It’s Travel Tip Tuesday! Here’s a post from 21 October 2015.
What’s your favorite thing to do when you travel? Try new foods? See new sites? My favorite thing to do when I travel is run in a new place. It’s something my husband Steve and I enjoy doing together; we like to get a feel for the city we’re in and find a game plan for getting a closer look later on. Some of my favorite stories Steve told me before we got married are his stories of running all over the world–over mountains in Croatia, watching out for rabid dogs in Africa, running all the way up to the top of Diamond Head in Honolulu, and meeting his future wife just a couple of days before running the Prague Marathon!
So how do I make sure I don’t get lost? What do I do about safety? What about cold places? What about cobblestones in old cities? All these answers and more are coming your way! Here are some tips and things to think about when running abroad.
1. Safety First!
My number one travel priority is safety. This doesn’t mean I live in fear, it means I’m aware of my surroundings, and I travel smart! I have this thing called a Flip Belt, that goes around my waist like a belt (not like a fanny pack) and holds my phone, ID, cash, credit card, keys, and anything I might need to take with me. It’s also reflective!
One thing I don’t use earbuds when I run in a new city is earbuds. I want to be able to hear what’s going on around me without distractions. I also trust my gut if I think someone might be following me. I’ve never had bad experience, and I don’t want to start!
One more note on safety: one may think, “I have all my information in my phone–name, phone number, contacts, GPS, etc. But what if your phone gets stolen? Take your ID with you. If you don’t have or want to get a flip belt, put it in a pocket or in your sports bra.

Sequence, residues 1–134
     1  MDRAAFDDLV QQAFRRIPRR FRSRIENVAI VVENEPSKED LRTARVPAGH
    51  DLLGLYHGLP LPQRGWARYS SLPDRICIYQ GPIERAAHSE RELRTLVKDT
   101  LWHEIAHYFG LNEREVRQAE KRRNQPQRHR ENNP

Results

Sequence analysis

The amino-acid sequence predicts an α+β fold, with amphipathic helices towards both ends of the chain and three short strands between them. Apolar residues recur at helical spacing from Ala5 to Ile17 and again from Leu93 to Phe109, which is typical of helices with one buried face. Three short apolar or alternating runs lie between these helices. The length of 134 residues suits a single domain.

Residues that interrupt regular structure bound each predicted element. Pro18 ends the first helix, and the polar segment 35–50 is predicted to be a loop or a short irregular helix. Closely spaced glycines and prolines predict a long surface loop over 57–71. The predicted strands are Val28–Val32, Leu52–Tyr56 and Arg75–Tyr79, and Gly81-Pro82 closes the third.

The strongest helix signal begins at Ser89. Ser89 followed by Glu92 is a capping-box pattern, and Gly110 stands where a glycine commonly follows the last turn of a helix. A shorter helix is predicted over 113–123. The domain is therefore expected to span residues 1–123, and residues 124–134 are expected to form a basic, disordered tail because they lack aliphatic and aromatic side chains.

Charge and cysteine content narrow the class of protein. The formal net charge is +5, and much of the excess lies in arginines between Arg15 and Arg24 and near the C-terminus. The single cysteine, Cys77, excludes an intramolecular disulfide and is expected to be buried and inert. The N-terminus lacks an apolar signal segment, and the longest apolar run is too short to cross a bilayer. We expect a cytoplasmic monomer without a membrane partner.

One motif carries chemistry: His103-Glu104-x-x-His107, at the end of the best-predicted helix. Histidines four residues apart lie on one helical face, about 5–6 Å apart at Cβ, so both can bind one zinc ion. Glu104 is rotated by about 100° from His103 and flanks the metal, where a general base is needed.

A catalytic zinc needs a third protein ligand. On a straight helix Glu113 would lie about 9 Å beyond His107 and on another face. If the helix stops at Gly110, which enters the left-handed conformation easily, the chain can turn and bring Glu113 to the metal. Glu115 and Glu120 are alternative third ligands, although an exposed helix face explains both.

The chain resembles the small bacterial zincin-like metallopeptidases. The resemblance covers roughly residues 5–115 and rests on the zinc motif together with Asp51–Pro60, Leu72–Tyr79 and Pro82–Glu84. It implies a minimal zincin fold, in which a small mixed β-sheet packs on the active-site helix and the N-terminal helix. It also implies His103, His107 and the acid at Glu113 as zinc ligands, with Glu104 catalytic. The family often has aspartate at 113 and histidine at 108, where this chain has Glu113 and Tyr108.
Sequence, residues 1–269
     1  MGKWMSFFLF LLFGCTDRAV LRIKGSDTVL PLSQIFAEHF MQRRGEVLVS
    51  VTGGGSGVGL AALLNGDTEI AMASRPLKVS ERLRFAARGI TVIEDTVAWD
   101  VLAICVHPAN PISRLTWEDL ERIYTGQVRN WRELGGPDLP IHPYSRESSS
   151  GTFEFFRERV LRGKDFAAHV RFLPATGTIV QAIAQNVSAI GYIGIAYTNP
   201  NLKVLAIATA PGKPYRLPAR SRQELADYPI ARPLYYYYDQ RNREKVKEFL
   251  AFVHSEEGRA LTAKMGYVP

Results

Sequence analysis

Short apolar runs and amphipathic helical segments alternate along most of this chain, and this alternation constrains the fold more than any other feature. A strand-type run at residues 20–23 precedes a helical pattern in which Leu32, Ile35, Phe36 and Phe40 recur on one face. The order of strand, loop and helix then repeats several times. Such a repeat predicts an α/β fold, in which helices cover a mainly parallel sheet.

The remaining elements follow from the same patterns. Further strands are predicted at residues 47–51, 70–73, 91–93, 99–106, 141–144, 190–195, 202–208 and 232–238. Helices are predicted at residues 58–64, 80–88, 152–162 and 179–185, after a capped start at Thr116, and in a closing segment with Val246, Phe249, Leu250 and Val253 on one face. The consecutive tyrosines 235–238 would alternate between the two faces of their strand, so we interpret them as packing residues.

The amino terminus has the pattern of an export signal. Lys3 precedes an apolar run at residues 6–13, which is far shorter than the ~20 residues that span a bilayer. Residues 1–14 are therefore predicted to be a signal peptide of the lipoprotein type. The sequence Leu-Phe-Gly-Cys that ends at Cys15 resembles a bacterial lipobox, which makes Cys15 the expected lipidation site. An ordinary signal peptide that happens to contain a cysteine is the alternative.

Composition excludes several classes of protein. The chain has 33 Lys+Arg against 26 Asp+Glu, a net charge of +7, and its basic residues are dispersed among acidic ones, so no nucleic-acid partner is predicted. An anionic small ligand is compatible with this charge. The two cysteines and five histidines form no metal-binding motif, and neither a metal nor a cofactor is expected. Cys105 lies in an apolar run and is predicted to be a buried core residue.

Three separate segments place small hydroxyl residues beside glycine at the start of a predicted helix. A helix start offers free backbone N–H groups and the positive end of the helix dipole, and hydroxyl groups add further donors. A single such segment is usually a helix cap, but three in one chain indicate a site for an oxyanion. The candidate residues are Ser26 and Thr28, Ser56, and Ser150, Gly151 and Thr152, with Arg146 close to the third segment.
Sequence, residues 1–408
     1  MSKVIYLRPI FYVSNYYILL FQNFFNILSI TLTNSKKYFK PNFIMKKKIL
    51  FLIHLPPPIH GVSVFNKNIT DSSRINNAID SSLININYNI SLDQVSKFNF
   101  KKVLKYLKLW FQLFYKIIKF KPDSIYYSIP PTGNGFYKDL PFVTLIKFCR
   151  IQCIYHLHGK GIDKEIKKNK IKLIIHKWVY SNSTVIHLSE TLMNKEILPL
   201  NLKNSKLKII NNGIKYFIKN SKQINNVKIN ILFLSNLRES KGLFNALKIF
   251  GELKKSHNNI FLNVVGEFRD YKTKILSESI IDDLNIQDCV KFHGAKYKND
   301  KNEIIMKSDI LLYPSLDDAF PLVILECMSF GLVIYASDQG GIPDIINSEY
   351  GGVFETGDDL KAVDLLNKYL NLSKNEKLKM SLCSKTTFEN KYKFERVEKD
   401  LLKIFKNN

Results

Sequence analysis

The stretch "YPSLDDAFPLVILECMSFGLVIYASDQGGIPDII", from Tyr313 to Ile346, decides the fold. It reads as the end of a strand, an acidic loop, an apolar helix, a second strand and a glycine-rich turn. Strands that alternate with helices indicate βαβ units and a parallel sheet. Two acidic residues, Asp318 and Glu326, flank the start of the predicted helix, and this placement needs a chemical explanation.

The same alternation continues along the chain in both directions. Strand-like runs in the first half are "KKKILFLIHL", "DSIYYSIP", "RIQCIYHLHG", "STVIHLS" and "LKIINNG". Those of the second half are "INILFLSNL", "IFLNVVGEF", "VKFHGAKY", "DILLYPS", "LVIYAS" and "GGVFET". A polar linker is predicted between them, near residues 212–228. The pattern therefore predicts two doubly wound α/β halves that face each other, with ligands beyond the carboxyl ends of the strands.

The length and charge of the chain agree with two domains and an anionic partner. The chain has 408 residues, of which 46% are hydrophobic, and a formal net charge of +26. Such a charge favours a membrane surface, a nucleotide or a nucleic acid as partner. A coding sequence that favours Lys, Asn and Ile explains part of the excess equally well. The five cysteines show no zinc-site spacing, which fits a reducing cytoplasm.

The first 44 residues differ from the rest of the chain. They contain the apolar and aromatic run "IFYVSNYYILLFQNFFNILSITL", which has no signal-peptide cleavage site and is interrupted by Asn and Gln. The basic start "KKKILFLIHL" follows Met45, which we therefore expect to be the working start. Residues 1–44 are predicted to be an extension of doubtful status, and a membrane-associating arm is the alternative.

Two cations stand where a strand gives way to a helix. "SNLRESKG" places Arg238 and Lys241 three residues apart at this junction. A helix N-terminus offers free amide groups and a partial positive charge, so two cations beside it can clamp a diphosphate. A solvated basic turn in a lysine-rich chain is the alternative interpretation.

2. Rough Terrain
Sorry to break it to you, but, you will encounter less than perfect running conditions! Not every place you go will have perfect trails, sidewalks, or even paved roads! Steve was running in Italy a few years ago, and he tripped and fell into a ravine leading into the Italian Riviera. It happens. When Steve and I met, he was preparing to run the Prague marathon–on cobblestone streets! When Steve and I ran together on Floreana Island in the Galapagos, there were literally no paved roads, just gravel, first, and loose rocks–prime for tripping. Here’s a visual:
So, what do you do about that? First of all, watch where you’re going! You do not want a sprained ankle or skinned knee during vacation, so watch out.
Also, ask around to see if there are any good running trails or long stretches of sidewalk. If there’s a river or other body of water nearby, there is probably a good place to run or walk close to it. Even in the tiny Nova Scotian town of Pictou, the owner of the inn where we stayed told me about a beautiful boardwalk down by the shoreline. I never would have known about it otherwise!
3. Avoid Getting Lost
I always keep a map with me. We like to carry a small hardcopy with us, but we also use the MapMyRun app. Steve has had a couple of GPS watches over the years, and none of them would sync up out of the country, but the app syncs quickly.
The best part of this app is that it show you where you’ve been. So, if you’re like Steve and me in Oslo, Norway, you can zoom in and out as needed to see where you are and how to get back to where you need to be! The only downside is that if you don’t have an international phone plan that includes data, you’ll need to start the app when you’re within a Wi-Fi zone–like your hotel or a restaurant that provides free Wi-Fi. Also remember that you’ll have to save your workout when you’re reconnected to Wi-Fi!